Leading article: Will Russia's winter turn to spring?

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The Independent Online

Russia stands at one of its proverbial crossroads. Yesterday, for the third evening running, Muscovites took to the streets calling for Vladimir Putin to go. They also gained a notable ally, in Mikhail Gorbachev, who issued an appeal for Sunday's parliamentary elections to be rerun. As the last leader of the Soviet Union turned global statesman, Mr Gorbachev knows a thing or two about what popular protest can do.

It is true that opposition marches on the day after the count have been something of a set piece of recent Russian elections, as has the overreaction of the authorities, in the shape of riot police and intimidating hardware. But this week's protests have been different. They are bigger; they have not been monopolised by the usual pro-Western suspects; the participants are mostly young, and the slogans target one man: the Prime Minister, Mr Putin.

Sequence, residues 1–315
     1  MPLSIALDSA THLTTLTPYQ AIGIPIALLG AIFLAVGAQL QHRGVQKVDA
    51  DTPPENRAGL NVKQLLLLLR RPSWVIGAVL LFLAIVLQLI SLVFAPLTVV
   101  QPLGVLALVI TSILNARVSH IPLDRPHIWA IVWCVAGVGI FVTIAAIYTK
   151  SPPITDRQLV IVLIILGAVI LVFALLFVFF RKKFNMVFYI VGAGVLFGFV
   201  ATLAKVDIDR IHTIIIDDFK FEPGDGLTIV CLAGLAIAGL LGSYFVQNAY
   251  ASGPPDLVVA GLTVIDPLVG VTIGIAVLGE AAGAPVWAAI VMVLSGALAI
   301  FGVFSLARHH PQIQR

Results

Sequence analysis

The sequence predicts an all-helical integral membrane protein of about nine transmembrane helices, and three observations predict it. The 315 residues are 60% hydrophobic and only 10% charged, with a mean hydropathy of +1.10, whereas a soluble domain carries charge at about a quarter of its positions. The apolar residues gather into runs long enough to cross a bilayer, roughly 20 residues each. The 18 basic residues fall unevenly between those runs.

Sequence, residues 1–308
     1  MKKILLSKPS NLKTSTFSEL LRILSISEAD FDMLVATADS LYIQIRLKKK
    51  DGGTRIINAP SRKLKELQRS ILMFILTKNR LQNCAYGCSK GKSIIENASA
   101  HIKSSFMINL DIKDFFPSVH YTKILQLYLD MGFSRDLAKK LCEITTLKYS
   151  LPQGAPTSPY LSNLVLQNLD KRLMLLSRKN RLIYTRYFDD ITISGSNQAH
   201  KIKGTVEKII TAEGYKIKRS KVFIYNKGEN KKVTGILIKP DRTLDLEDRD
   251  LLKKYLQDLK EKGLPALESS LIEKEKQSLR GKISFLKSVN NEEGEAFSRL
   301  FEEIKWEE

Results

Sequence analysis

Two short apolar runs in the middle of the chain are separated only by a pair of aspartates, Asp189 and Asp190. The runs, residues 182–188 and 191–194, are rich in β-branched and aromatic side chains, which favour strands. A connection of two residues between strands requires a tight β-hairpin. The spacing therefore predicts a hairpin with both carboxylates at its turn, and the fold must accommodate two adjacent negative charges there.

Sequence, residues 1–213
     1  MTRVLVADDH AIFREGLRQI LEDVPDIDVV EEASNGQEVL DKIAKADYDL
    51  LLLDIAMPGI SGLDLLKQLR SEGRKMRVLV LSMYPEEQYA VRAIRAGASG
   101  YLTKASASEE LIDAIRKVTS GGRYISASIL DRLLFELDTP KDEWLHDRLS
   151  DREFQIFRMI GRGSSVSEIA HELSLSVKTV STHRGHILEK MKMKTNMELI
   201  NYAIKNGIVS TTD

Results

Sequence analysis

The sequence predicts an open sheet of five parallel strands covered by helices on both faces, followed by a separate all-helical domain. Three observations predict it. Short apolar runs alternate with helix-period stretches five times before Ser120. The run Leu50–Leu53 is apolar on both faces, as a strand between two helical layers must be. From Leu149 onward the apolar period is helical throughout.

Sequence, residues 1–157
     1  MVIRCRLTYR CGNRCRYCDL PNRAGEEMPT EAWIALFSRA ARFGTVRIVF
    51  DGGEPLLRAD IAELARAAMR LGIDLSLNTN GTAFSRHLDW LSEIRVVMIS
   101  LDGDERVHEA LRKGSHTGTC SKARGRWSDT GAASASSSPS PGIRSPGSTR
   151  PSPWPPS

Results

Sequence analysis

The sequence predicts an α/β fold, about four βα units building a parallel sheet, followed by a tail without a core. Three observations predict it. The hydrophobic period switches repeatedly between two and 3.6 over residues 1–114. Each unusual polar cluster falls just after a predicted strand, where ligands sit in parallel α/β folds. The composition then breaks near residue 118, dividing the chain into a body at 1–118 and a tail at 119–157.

What is not different is the authorities' clumsy response. By yesterday, upwards of 800 people had been detained. One of the protest leaders, the anti-corruption campaigner Alexei Navalny, had been sentenced to 15 days in prison. But such a response cannot be sustained: every new prisoner provides a new focus for protest.

Elections, as many an undemocratic regime has learnt, can be dangerous – however carefully they are prepared. Such regimes also know that it is rarely the election as such that prompts dissension, but the count. With the internet, Russians had the tools for the first time to test the veracity of the results. Especially in the capital, many voters did not like what they saw.

Faced with the prospect of more and bigger protests, the choice facing the authorities is stark: to increase the repression; to buy off a sceptical public with concessions; or – probably only in the last resort – to rerun the election. As he weighs up the narrowing options, Mr Putin may well reflect on the fickleness of fate. Not so long ago, his poll ratings stood at 80 per cent and he was set fair to return to the presidency. Now, for the first time in more than a decade, Russia's political future is genuinely in play.